States must ensure that compensation does not exceed net costs, must not provide any overcompensation, and must be able to prove this to the Commission upon demand. For all compensation in excess of 15 million Euros, States must respect the principle of transparency. It must generally make pertinent information available to the Commission for a period of ten years. Every two years, Member States must submit a report to the Commission regarding the implementation of this Decision.
One observes a double movement that is accentuated by this decision of December 20, 2011: on one hand, the European Commission has moved towards official recognition of what, in France, is known as a “public service”, and at the same time, establishes a regime of tutelage over this concept.
Taking the first aspect, one observes that the decision continues the notion established by the Altmark ruling that Member States make their own definitions of what falls under the category of services of general economic interest, and are therefore not subject to the prohibition on State aids, since the absence of notification does not mean that they might not be subject to an inquiry by the Commission.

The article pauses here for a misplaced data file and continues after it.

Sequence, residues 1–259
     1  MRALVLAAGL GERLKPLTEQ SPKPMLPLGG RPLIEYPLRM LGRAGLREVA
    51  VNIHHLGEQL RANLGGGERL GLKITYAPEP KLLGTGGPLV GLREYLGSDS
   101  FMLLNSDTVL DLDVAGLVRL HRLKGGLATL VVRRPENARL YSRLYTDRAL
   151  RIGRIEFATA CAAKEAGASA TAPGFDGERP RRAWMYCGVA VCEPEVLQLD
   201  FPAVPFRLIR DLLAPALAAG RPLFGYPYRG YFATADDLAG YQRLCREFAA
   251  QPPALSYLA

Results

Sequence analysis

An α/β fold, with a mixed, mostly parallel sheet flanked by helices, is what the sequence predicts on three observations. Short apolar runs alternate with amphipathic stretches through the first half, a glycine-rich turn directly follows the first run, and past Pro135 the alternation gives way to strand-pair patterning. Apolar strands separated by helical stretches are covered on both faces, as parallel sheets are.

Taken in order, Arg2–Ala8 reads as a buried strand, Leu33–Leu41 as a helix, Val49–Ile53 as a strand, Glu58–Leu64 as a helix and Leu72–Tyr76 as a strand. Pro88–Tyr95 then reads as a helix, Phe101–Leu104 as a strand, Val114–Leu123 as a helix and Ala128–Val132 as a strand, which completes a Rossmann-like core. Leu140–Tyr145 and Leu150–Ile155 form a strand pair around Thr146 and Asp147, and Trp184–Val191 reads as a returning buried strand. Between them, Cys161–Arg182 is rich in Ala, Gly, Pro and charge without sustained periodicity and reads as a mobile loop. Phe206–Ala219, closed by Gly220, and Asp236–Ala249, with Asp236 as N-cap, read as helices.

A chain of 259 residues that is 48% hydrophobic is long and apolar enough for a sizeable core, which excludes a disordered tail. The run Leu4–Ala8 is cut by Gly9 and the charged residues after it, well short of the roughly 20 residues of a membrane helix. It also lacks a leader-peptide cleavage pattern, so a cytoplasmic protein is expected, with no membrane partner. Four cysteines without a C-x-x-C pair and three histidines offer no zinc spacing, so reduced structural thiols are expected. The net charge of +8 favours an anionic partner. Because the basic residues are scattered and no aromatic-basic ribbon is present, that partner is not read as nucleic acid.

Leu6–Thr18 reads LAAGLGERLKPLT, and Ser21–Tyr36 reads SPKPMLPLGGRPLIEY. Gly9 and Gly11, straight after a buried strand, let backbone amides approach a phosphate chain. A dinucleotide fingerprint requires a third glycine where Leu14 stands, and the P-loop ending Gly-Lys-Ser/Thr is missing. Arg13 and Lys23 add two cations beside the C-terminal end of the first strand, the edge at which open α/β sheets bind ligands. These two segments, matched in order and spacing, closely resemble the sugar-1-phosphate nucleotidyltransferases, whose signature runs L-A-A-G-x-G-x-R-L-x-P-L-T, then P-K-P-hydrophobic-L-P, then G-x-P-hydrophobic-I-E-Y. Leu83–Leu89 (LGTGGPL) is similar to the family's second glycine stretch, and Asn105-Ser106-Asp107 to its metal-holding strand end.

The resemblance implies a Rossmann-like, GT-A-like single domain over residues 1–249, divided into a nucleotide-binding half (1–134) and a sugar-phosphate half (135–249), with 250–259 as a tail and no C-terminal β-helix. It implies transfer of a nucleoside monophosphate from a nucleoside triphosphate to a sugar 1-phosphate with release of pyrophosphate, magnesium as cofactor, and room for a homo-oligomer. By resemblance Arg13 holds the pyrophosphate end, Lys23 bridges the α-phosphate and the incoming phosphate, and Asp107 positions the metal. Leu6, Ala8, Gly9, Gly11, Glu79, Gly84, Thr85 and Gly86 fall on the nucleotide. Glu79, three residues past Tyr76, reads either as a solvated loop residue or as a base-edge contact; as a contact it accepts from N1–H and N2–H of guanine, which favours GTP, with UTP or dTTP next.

Therefore, States—except as concerns the notion of “manifest error”—remain sovereign in their ability to attribute the qualification of “general economic interest” to various sectors of the economy. As explained by professor Jean-François LaChaume, public service has a long future ahead of it, especially thanks to European law.
But, regarding the second aspect, the European Commission keeps States on a very short leash and because the system is a derogation from the system of free trade, companies that benefit from this mechanism of supervised compensation are liable to be required to prove that the compensation does not exceed the net costs of providing the public service.
This justifies the highly regulatory procedural framework: principle of transparency for all compensations that exceed 15 million Euros, and an obligation to provide information at the Commission’s request. Furthermore, the European Commission adopts the capital idea of cost-orientation regarding compensation, which is a constant criteria for making State intervention on markets acceptable, whether it acts as a shareholder or a provider of subsidies.
Even though the principle has been recognized, the Commission maintains a firm right of regard over States. The regime of tutelage persists.